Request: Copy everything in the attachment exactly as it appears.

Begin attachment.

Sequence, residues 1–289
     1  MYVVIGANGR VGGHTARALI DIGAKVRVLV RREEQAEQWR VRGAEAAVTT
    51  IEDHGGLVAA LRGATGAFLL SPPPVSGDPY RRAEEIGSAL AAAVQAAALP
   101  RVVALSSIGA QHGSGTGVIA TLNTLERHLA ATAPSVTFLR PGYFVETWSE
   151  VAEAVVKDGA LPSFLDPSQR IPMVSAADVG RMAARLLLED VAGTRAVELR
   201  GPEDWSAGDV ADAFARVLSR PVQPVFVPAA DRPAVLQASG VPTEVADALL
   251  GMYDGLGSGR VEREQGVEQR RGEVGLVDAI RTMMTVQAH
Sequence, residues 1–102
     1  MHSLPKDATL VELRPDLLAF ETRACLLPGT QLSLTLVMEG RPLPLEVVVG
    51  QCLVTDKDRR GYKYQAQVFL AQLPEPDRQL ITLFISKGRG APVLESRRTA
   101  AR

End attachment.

Sequence, residues 1–289
     1  MYVVIGANGR VGGHTARALI DIGAKVRVLV RREEQAEQWR VRGAEAAVTT
    51  IEDHGGLVAA LRGATGAFLL SPPPVSGDPY RRAEEIGSAL AAAVQAAALP
   101  RVVALSSIGA QHGSGTGVIA TLNTLERHLA ATAPSVTFLR PGYFVETWSE
   151  VAEAVVKDGA LPSFLDPSQR IPMVSAADVG RMAARLLLED VAGTRAVELR
   201  GPEDWSAGDV ADAFARVLSR PVQPVFVPAA DRPAVLQASG VPTEVADALL
   251  GMYDGLGSGR VEREQGVEQR RGEVGLVDAI RTMMTVQAH
Sequence, residues 1–102
     1  MHSLPKDATL VELRPDLLAF ETRACLLPGT QLSLTLVMEG RPLPLEVVVG
    51  QCLVTDKDRR GYKYQAQVFL AQLPEPDRQL ITLFISKGRG APVLESRRTA
   101  AR